The 2023 Farm Bill & Hemp: 7 Things To Know

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When the 2018 Farm Bill was passed, hemp became federally legal in the US. This paved the way for the hemp industry to see extraordinary growth. This also inadvertently allowed the rise of psychoactive minor cannabinoids like Delta 8 THC, Delta 10 THC, HHC, THCp, and more. This is especially the case in states that have yet to legalize adult-use marijuana. While there are some who believe that hemp should be completely criminalized, others wish to see regulations made to improve the hemp industry for stakeholders and consumers alike.

The current farm bill expires September 30th of 2023. And with the 2023 Farm Bill soon approaching, it’s important to understand how the farm bill works. It’s also vital to know how it may affect you- especially as a hemp and cannabinoid supporter. We’ll explore what the farm bill is and the proposed changes that may come with the 2023 Farm Bill.

1. What is The Farm Bill?

The Farm Bill is a package of legislation that governs a variety of programs. This includes programs related to food, climate, and national agriculture. Roughly every 5 years, Congress will draft, debate, and pass the farm bill. Once done, the president signs it into law. 

What a lot of people don’t know is just how complex and extensive the farm bill is. At nearly 1,000 pages, the Farm Bill oversees a diverse range of areas. These include food policy, public health, conservation initiatives to protect forests and waterways, school foods and even assisting low income families get groceries through the SNAP (Supplemental Nutrition Assistance Program). The farm bill also has a great impact on how and what kinds of food are grown in the US.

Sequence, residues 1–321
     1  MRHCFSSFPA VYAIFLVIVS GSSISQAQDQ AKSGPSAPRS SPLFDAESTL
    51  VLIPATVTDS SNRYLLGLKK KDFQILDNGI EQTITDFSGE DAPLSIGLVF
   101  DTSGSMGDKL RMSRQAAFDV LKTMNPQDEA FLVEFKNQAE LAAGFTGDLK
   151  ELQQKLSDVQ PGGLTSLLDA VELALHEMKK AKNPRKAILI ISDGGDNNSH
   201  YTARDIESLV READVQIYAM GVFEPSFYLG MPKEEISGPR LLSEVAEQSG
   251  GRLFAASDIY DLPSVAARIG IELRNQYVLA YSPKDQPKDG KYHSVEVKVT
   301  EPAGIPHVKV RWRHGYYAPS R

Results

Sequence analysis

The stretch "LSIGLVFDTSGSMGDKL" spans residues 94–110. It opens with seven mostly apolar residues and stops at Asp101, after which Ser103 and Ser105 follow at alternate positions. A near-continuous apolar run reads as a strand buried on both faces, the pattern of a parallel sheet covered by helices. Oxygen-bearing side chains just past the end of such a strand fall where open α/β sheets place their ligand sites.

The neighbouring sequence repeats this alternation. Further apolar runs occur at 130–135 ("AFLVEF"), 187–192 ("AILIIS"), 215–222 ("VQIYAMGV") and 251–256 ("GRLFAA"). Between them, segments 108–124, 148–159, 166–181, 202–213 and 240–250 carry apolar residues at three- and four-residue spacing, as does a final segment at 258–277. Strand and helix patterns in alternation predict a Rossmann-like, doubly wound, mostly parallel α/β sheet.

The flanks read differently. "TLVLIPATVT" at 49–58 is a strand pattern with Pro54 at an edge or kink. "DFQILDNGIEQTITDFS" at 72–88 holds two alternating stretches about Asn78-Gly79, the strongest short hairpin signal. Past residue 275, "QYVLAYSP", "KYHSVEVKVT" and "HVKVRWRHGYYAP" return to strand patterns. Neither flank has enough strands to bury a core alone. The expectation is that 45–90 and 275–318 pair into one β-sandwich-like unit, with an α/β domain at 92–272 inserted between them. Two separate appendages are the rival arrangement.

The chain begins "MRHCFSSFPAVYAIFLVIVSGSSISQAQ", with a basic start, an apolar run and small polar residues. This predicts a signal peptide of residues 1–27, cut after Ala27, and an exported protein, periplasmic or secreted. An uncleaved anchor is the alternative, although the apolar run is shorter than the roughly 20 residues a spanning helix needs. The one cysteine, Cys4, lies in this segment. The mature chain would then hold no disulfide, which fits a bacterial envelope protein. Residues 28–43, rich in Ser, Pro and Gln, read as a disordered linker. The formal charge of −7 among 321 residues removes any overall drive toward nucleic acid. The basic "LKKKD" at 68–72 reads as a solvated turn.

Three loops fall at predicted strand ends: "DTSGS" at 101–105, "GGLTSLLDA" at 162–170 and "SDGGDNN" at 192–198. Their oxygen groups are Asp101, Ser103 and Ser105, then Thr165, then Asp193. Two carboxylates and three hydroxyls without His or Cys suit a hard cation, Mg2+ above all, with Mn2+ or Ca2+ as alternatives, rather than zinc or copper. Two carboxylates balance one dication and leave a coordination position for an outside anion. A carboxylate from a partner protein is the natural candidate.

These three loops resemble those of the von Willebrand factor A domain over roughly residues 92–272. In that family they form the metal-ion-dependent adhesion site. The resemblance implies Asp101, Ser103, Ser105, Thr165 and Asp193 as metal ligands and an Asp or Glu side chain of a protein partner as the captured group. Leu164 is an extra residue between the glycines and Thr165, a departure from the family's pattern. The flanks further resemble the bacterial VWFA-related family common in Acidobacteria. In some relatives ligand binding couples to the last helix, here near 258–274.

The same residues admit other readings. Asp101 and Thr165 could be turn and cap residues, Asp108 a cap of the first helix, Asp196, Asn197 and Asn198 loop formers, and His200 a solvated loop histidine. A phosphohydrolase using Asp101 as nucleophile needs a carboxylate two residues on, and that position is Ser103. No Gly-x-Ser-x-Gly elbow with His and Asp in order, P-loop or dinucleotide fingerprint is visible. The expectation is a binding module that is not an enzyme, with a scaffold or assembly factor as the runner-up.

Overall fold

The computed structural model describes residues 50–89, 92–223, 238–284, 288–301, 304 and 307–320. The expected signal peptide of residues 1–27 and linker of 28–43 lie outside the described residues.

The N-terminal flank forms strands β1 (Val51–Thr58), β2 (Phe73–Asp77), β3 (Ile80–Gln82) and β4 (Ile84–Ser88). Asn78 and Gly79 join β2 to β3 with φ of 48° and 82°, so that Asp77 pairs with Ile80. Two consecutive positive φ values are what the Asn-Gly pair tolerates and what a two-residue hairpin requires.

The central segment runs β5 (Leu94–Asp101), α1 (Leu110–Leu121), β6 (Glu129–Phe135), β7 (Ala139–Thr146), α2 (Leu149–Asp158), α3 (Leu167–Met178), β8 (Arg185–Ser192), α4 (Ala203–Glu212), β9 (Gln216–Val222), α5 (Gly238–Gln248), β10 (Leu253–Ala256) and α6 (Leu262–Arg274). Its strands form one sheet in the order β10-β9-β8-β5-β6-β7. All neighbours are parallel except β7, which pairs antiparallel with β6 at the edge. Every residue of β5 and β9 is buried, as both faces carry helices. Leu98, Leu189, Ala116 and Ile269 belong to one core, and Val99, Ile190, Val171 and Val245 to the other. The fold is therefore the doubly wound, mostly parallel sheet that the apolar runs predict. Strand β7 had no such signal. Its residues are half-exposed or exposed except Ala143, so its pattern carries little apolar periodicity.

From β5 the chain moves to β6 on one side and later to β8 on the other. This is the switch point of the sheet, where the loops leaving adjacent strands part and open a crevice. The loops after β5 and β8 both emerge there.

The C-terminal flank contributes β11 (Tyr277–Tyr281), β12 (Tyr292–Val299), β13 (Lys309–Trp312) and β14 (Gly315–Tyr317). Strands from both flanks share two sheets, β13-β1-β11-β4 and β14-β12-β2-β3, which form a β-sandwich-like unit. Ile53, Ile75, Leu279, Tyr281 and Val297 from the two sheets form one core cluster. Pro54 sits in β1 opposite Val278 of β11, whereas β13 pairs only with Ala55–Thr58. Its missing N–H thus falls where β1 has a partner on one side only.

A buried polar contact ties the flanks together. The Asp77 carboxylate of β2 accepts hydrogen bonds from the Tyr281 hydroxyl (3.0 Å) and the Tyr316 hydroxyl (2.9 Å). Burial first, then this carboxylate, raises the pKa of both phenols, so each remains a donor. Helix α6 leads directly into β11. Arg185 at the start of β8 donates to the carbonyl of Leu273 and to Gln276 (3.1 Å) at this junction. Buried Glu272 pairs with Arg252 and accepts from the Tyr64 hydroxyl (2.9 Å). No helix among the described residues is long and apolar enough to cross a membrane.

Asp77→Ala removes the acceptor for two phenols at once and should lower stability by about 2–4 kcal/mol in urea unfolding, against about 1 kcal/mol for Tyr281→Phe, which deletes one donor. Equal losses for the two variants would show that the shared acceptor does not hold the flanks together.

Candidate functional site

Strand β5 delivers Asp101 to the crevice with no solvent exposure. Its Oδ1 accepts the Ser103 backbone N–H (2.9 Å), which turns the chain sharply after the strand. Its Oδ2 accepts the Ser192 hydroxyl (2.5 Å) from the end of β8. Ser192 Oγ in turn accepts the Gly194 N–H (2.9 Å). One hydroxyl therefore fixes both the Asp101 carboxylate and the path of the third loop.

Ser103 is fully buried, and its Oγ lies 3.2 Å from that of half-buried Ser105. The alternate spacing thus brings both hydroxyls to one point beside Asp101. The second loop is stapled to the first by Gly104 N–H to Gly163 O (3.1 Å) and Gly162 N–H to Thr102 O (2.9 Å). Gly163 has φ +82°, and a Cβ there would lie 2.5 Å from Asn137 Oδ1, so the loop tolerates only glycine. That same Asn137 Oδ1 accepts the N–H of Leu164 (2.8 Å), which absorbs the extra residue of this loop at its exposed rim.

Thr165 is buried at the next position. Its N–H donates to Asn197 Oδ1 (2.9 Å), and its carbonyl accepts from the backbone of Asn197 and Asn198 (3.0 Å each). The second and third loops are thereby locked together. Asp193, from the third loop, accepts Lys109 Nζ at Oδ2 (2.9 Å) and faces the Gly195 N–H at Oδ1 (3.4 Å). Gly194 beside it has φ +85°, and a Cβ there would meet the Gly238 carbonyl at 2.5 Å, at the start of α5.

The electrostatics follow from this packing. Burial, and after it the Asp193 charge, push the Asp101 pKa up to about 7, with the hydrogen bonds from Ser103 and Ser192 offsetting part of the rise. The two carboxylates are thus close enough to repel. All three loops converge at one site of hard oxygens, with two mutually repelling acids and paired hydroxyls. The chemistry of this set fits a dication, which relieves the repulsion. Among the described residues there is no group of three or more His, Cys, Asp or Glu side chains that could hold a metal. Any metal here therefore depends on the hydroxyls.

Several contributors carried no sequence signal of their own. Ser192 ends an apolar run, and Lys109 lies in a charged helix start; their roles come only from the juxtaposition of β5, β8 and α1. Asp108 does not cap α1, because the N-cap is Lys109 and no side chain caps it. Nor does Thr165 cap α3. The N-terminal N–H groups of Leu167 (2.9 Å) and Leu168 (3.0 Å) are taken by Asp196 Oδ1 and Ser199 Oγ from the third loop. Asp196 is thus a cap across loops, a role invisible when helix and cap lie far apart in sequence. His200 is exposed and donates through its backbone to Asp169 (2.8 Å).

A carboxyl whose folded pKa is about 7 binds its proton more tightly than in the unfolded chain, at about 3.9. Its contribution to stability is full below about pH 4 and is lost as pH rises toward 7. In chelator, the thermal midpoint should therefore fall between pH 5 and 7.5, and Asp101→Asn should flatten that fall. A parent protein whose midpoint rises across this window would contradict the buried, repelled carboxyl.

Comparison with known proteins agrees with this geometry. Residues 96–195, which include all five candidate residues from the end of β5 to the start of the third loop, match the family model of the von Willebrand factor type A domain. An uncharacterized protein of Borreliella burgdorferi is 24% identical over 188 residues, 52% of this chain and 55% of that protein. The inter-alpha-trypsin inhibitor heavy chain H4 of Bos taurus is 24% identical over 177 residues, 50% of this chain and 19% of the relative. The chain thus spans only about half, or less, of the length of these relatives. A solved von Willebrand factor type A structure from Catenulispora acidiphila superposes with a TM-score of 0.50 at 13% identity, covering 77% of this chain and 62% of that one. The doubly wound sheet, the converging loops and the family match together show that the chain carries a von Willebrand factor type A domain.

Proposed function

According to the National Sustainable Agriculture Coalition, “The first Farm Bill dates back to the 1930s and had “three original goals

  • Keep food prices fair for farmers and consumers
  • Ensure an adequate food supply
  • Protect and sustain the country’s vital natural resources”

The farm bill has gone through significant changes in the last 70 years. Despite this, its main goals remain the same. There have been 18 enacted by Congress since the original one was signed into law. 

2018 farm bill 2023 farm bill hemp

2. What Is The 2018 Farm Bill?

The Agriculture Improvement Act of 2018 was signed into law on December 12th, 2018. This act is better known as the 2018 Farm Bill. It essentially legalized hemp federally, which created an opportunity for alternative cannabinoids like Delta 8, Delta 10, and HHC to be sold. The only catch is that the final weight of the product can’t contain more than 0.3% Delta 9 THC, the main psychoactive component in cannabis. 

3. 2023 Farm Bill Pain Points

Alternative cannabinoids, like Delta 8, Delta 10, and HHC, have been a largely debated topic since the 2018 Farm Bill was passed. Due to this, it’s foreseeable that there will be updates in the 2023 Farm Bill that would invariably impact the hemp industry. Whether you’re in the industry or a consumer, it’s likely you have some concerns. The biggest question on everyone’s mind is: what kind of changes will be made? 

The Congressional Research Service (CRS) is a legislative branch agency that works for the US Congress. They give unbiased legal and policy analysis to House and Senate members as well as committees. The CRS released a report outlining the various changes that stakeholders are hoping to see in the 2023 Farm Bill to better support the hemp industry. Based on the CSR’s research, some pain points that legislative proposals hope to address include: